Bishop Thomas McMahon, Bishop of Brentwood, celebrated a farewell diocesan Mass last week, in anticipation of his long-awaited retirement. Representatives from parishes, schools, diocesan commissions and religious orders came together with numerous priests from the diocese to offer thanks for his 32 years at the helm. Faith leaders from Churches Together in Essex and East London were also present, in testament to the Bishop’s ecumenical zeal.
In his homily, Bishop Thomas referred to the beginning of Advent but also dwelt on the influences of the Second Vatican Council on his episcopate, saying that it had been “deeply formative”.
He said: “Pope John likened the Council to opening a window on the world, a world with many hopes and needs to which the Gospel of Jesus Christ could bring its unique light. This involved engaging with issues such as Justice & Peace, Evangelisation and of seeking unity with the other Christian Churches, and on this latter point nothing has given me greater joy than to have been in a position to translate something of this aim into the local church.”
It also involved an internal renewal of the church through a reformed liturgy and a more vigorous spiritual life for all the faithful, he said, and this had driven his work on developing collaborative ministry at every level.
Bishop Thomas went on to thank priests, religious and lay people of the diocese for their support. “I have loved being your bishop. Ours is a diocese in both East London and Essex of great variety, growth and vibrancy. I am moved to say this evening that I am greatly aware of and very grateful for all the prayers, support and encouragement I have received during my 32 years as a bishop. They have been an immense support in all my ministry and they will ever be a happy and abiding memory.”
He ended by quoting the words used by Archbishop Michael Ramsay when he was asked how he would like to be remembered: “I would like to be remembered as one who sought to make the reality of Christ known.”
Said Bishop Thomas: “That must surely be a task of each one of us – the beginning and the end of our Christian calling in the Lord.”
After the Mass, Bishop Stephen Cottrell, the Anglican Bishop of Chelmsford, addressed Bishop Thomas as a dear friend and brother, thanking him on behalf of all the CTEEL denominations for “raising the ecumenical temperature”.
He said: “By your zeal and kindness you have done more than anyone to demonstrate that unity that was Jesus’ prayer the night before he died. We will miss you more than we can say. You leave a legacy of love that will encourage all Christ’s people of whatever denomination to live and serve Christ that little bit more.”
He added that while the white heat necessary to weld the churches together was not yet present, “your witness has brought that day closer”.Sr Una McCreesh, chair of the Diocesan Commission for Justice and Social Responsibility, paid tribute to Bishop Thomas’s contribution on social justice.
“You have made it part and parcel of your teaching, taking action against HSBC, standing square against the arms trade at vigils at Excel and abortion at the Marie Stopes Clinic, and courageously supporting Travellers. You are well-known for your support for multiculturalism, for the homeless at Anchor House and for the work of Telco in tackling injustice and improving the quality of daily life in the East London boroughs. In fact, your initial support was very important in putting London Citizens on the road.”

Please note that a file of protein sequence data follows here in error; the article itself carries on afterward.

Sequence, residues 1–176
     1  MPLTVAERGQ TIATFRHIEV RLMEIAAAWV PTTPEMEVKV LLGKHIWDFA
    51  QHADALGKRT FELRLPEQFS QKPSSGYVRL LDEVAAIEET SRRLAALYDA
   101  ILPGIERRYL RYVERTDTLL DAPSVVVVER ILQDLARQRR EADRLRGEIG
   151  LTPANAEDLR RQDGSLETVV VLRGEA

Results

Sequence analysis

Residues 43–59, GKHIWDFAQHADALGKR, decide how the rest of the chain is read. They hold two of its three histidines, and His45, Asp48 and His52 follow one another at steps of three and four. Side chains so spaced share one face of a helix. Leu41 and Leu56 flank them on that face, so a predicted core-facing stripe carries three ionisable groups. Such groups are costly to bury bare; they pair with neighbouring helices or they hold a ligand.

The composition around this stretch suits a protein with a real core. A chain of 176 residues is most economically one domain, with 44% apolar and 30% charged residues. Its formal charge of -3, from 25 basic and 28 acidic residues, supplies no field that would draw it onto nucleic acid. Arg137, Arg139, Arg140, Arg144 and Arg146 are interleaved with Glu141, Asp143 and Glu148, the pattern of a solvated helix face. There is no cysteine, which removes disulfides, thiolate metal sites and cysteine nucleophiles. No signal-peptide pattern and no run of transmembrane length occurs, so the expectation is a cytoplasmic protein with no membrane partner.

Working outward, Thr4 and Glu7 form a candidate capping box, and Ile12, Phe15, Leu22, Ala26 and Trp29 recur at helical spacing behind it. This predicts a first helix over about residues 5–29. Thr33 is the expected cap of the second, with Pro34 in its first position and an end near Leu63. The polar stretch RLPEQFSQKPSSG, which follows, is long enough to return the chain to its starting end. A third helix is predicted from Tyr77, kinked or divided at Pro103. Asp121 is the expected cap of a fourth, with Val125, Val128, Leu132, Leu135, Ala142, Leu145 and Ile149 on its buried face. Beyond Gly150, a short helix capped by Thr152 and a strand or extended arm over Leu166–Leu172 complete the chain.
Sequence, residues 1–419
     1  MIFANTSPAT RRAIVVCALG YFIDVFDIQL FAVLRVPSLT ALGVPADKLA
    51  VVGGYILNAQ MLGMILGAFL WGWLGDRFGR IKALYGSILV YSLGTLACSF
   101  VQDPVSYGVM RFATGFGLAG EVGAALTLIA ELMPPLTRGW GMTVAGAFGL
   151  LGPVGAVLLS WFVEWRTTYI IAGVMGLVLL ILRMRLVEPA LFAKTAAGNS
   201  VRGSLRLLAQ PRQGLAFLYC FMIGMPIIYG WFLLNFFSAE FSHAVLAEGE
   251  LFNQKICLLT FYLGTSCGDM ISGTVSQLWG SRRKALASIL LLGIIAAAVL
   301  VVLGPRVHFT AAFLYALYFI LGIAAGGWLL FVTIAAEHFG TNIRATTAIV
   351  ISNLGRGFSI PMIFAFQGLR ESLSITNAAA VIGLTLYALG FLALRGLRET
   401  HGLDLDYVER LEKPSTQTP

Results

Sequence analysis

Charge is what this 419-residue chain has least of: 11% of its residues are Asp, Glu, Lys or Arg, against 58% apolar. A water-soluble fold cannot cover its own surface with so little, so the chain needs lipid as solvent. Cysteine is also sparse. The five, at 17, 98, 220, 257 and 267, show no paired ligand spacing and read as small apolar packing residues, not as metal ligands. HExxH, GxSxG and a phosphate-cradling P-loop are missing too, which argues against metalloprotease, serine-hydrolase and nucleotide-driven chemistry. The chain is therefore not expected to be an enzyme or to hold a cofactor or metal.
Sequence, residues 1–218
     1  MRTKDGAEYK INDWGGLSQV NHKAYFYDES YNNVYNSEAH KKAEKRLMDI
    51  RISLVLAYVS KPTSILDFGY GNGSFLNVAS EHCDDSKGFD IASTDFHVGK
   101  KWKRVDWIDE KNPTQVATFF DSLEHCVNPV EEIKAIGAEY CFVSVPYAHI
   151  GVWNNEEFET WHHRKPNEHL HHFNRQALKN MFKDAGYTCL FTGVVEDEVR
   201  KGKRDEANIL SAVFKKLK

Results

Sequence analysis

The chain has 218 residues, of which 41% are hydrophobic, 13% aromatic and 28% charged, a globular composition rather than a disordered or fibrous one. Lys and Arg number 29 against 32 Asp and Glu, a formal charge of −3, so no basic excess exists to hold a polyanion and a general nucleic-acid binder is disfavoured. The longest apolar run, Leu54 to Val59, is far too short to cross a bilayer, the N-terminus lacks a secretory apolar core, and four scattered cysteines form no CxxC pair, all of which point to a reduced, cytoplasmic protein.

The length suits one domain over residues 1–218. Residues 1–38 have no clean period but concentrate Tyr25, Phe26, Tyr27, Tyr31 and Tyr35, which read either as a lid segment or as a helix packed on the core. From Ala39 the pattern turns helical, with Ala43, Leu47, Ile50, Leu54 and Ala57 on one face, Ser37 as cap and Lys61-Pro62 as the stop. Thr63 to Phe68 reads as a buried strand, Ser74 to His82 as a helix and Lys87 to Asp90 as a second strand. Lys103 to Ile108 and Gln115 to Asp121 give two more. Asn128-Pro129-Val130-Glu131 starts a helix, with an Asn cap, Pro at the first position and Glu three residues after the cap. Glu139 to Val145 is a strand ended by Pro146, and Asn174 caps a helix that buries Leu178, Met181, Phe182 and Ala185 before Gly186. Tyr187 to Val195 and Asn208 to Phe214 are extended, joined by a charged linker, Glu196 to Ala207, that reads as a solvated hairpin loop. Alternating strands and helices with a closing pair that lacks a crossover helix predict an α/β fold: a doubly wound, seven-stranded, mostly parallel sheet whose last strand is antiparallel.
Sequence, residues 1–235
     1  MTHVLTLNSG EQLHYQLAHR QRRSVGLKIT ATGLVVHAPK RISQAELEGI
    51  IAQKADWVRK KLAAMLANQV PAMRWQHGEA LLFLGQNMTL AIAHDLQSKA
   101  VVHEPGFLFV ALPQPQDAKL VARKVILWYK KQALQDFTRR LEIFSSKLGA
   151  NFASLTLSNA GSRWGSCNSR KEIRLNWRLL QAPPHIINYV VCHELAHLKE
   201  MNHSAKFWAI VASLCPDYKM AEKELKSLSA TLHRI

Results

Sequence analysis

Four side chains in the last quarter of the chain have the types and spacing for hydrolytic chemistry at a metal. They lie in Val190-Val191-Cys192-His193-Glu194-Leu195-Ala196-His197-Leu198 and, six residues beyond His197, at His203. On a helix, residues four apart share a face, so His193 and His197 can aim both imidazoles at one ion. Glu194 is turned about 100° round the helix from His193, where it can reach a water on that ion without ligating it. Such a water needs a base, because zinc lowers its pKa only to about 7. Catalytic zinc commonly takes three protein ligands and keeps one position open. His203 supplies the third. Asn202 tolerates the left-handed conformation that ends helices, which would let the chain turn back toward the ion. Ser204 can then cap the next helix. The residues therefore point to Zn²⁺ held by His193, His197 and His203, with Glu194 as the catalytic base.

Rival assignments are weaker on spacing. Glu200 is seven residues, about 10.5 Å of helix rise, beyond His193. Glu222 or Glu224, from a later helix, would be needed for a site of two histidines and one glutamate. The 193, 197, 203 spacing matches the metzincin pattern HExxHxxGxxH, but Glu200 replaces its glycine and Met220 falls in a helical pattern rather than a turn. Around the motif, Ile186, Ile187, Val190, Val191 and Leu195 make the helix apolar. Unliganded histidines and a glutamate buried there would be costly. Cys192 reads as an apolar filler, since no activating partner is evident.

While some say that Catholic social teaching is the ‘best kept secret in the Catholic Church’, she added, “that is not true in Brentwood Diocese where CJSR is responsible for its continued vitality.”
On more personal note, Fr James Hawes, a veteran priest of the diocese, gave thanks for the Bishop’s 32 years, “spent tirelessly in the quest of holiness and the Kingdom”. He said that he and his brother priests were proud to have served under the Bishop’s leadership.
“You have encouraged us at all times. And whatever the burdens of your episcopate, you always come across as a person of cheerfulness: gracious and with an engaging smile.” He added: “This is not a facile optimism like Mr Micawber, but rooted in the hope of things unseen and a commitment to the Kingdom.”
John Adshead CBE, a trustee of the diocese and editor of Brentwood News, thanked the Bishop for giving the diocese its magnificent Cathedral, described in Christopher Martin’s survey of English Catholic architecture as a “glimpse of heaven”.
The Cathedral, designed by Quinlan Terry, was the first to be built in the classical style since St Paul’s and it reflects the Bishop’s deep commitment to the vision of the Second Vatican Council, he added. Through the Council’s teaching, he said, the Bishop had encouraged lay people to play their full part in the Church and its liturgies. He also praised the Bishop’s wholehearted commitment to the other great pillars of the Council’s teaching: ecumenism, interfaith dialogue, justice, peace and good citizenship.
He concluded: “We give thanks for your active engagement in promoting the dignity of human life and the Christian family, and in supporting the poor and the marginalised – and, for the future, assure you of our love and prayers.” Bishop Thomas thanked everyone for all the kind words.
"I recall the words of Cardinal Heenan - 'incense is alright as long as you don't inhale'. From the bottom of my heart, I say a huge thank you for your kindness, thoughtfulness and generosity."